Your muscles turn off after an injury.
It happened years ago.
You are so over it.
After the shock, the pain, the grief. You’ve healed. You’ve moved on.
The pain is gone. But you still don’t go to the restaurant where you and your friend got in the fight that ended your friendship.
Your ex moved away years ago, but you still don’t drive down the block where he used to live.
You don’t get scared walking home alone, but you still don’t walk down the alley where you were mugged.
We all avoid the places that remind us of deep heartache, of breathtaking grief, of emotional trauma. No matter how much our hearts have healed, self-preservation keeps us a safe distance from the places where we got hurt. It’s normal. We all do it.
I started writing this article at a restaurant a block away from the bar that holds so many, now painful, memories for me. I decided this was the day I was finally going to go back to that bar. But I didn’t. Instead I walked by. Slowly. I paused. And decided I wasn’t ready to face the memories.
Our bodies? They do the same thing. They avoid areas where they were hurt. And they keep avoiding the areas until we consciously and intentionally rewrite our stories.
When we get injured, if we break a bone, tear a ligament or rupture a disc, our brains tell our bodies to avoid using the muscles near the area where our bodies are in pain. Those muscles don’t turn back on until we tell them to. Even after we healed from an injury. Even after the pain has subsided. Even after we feel like we are back to normal, we are probably avoiding the muscles near the injury.
Research has shown that when our bodies get hurt, they do the same thing that our mind and heart do. They protect us by avoiding the area.
In the short term, this is a great strategy. Our bodies have amazing power to respond to injury and heal from pain. If you herniate a disc in your lower back, you don’t want the muscles in that area to contract. Because if they did, it would cause more squeezing on the area. Contracting those muscles could cause even more damage to the disc. And so those muscles turn off. It’s really a brilliant and complex healing response. Our bodies are really smart.
Our bodies also work collaboratively. Other muscles take over the job of helping our lower back move. So while you may be in pain, you are able to move even with an injury. For a week or two, this is great. It gives your fragile disc the time it needs to heal. But those muscles that step in to help aren’t the best muscles for the job. Sure, they get it done. But they don’t do it as well as the muscles that were designed for the task.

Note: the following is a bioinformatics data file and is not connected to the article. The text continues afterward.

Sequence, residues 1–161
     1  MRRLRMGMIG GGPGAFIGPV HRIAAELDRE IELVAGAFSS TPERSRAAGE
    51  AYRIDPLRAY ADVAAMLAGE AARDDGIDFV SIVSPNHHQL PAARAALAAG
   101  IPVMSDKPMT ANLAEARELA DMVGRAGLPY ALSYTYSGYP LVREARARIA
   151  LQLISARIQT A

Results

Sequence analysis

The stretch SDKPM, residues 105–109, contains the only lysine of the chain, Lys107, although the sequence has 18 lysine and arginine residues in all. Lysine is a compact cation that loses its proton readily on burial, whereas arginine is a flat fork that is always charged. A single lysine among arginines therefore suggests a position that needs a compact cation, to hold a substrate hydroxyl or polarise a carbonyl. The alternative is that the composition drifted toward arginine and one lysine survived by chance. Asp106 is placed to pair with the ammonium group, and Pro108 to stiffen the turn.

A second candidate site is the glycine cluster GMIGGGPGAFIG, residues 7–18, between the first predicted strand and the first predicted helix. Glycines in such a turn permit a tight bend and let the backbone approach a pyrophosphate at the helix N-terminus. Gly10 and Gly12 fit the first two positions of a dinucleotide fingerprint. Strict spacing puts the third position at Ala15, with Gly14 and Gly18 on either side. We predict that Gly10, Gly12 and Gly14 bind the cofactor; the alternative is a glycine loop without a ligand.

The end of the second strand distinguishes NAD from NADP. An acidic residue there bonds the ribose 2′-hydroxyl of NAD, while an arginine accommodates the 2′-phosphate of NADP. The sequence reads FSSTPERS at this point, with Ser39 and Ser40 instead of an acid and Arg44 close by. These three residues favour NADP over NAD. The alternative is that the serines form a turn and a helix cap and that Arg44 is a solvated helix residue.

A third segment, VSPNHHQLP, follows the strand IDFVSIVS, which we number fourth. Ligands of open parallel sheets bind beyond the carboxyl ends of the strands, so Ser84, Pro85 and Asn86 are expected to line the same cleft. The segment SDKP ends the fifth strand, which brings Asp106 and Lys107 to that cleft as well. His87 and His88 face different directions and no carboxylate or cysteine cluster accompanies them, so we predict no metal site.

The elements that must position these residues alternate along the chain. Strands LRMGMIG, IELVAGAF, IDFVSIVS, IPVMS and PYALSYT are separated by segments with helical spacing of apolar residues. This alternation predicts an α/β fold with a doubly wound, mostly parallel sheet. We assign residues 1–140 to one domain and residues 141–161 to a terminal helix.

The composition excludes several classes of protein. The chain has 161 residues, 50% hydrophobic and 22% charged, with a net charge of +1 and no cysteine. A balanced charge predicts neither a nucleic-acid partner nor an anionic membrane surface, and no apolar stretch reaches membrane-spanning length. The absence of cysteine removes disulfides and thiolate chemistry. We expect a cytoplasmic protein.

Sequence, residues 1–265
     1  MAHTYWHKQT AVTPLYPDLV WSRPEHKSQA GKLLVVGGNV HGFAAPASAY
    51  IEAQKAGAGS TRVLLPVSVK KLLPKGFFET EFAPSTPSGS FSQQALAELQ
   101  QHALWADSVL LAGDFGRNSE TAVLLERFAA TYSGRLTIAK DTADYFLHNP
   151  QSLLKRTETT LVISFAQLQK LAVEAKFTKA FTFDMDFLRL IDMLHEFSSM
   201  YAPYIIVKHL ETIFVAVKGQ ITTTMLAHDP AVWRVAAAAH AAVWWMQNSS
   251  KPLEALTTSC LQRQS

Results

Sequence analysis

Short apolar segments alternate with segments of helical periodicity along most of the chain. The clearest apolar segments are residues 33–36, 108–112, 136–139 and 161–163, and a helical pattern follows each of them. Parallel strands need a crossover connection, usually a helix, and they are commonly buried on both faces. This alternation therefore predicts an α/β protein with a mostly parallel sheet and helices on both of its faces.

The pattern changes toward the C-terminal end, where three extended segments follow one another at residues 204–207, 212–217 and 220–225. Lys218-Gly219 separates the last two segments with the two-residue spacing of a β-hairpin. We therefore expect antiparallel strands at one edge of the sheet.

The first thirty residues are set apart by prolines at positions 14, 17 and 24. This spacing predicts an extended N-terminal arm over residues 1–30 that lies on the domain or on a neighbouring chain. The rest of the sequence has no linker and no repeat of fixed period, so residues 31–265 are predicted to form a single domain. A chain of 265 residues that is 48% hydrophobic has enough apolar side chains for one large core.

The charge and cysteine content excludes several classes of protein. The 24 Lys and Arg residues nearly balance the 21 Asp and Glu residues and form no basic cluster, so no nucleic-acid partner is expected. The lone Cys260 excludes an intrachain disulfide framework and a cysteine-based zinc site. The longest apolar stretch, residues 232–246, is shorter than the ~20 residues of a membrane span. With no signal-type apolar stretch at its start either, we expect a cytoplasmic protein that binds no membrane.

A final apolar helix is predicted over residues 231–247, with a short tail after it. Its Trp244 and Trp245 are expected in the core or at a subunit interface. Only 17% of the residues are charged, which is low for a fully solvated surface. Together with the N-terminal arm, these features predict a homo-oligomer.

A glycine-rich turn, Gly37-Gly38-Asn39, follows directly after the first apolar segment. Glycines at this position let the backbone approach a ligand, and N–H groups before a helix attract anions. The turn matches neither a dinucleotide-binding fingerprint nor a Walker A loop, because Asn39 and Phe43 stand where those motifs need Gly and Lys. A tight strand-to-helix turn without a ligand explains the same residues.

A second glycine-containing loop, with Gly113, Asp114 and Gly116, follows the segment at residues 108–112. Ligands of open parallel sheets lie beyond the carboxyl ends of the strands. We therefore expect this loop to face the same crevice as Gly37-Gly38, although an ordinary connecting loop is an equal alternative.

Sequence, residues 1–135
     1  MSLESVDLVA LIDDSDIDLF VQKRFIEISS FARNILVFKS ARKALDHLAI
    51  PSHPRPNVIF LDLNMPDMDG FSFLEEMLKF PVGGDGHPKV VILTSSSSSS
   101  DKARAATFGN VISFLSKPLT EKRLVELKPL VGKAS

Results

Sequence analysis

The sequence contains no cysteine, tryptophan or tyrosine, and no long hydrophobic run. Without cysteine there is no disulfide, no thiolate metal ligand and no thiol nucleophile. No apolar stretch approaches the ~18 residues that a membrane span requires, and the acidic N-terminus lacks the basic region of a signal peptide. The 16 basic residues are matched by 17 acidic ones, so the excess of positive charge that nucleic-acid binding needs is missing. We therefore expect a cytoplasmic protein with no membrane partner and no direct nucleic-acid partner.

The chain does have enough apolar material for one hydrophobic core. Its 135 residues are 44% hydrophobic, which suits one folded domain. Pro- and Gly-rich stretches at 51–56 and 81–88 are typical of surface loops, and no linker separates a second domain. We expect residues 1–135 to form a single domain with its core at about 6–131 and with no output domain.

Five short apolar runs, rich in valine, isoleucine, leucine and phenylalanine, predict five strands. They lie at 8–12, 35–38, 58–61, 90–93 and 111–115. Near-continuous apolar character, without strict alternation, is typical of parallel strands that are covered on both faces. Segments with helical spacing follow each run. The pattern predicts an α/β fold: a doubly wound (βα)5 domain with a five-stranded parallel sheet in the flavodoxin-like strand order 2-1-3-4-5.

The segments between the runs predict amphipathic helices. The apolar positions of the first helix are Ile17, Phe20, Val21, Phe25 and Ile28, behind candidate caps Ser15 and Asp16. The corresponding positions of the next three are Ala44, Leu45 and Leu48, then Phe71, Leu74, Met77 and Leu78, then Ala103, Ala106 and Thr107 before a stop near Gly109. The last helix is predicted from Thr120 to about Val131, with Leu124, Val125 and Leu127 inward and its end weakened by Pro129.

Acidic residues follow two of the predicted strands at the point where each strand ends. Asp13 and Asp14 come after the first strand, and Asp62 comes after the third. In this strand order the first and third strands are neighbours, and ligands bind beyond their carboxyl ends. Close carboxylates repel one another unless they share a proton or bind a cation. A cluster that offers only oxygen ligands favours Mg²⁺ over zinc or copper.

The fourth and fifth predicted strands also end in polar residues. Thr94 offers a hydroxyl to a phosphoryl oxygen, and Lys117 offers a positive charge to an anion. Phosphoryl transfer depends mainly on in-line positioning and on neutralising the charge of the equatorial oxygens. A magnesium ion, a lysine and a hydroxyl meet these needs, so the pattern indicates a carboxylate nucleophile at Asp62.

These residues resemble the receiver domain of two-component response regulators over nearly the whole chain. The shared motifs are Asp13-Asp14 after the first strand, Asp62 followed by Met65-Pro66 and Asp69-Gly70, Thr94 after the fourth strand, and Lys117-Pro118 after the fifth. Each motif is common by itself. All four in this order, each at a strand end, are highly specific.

Studies have found that even after that injuries have healed, unless we consciously and intentionally reengage the muscles that turned off, they are not going to work. Just like my attempt to consciously and intentionally go back to the bar that held so many memories, I’m not going to just causally go in there for lunch. Hell, I couldn’t even go back in there when I tried. Healing isn’t always easy and it doesn’t always happen when we want it to. Until we intentionally reactivate and rehabilitate our bodies after an injury, we won’t start reusing those muscles.
We need to start reusing those turned off muscles. They are the muscles best suited to the task of making our bodies move. While other muscles have stepped in to help, they aren’t able to do the job as well. That can lead to further injury and additional pain.
Turning muscles back on is important in similar ways to why it’s worth it for me to go back to that bar. It’s good for me simply so I can put the past behind me. But they also have some good bands there. And they have a salad I really like. And I might have a really good time there with new friends. I can’t enjoy any of those things if I keep avoiding that bar. My life is more limited if I don’t go back there. My life doesn’t work as well and isn’t as full if I keep avoiding that place. In the case of our bodies, this is even more true. Every muscle in our body is precious. Every muscle does such important things. Ignoring any one of them limits our experience of our bodies far more than avoiding a bar ever could.
There are so many different ways to rehabilitate. You can seek professional help from a physical therapist or a chiropractor. You can be really intentional in your yoga practice—get really detailed about exactly what muscles you feel in certain postures, and ask gifted teachers to confirm you are activating the right muscles. And you can start noticing how your muscles activate in your daily life. Put your hands on your lower back, or your legs and notice if both sides activate evenly as you bend over or stand up. If not, practice until it feels more similar.
In time, we all get over the pain. But if we don’t rewrite the stories, we’ll always be holding on to that old tale of how things were before. Reestablishing muscle coordination helps our bodies know that the pain is in the past and allows us to fully engage our bodies and our lives in the present moment.
Author: Meggie Smith
Editor: Travis May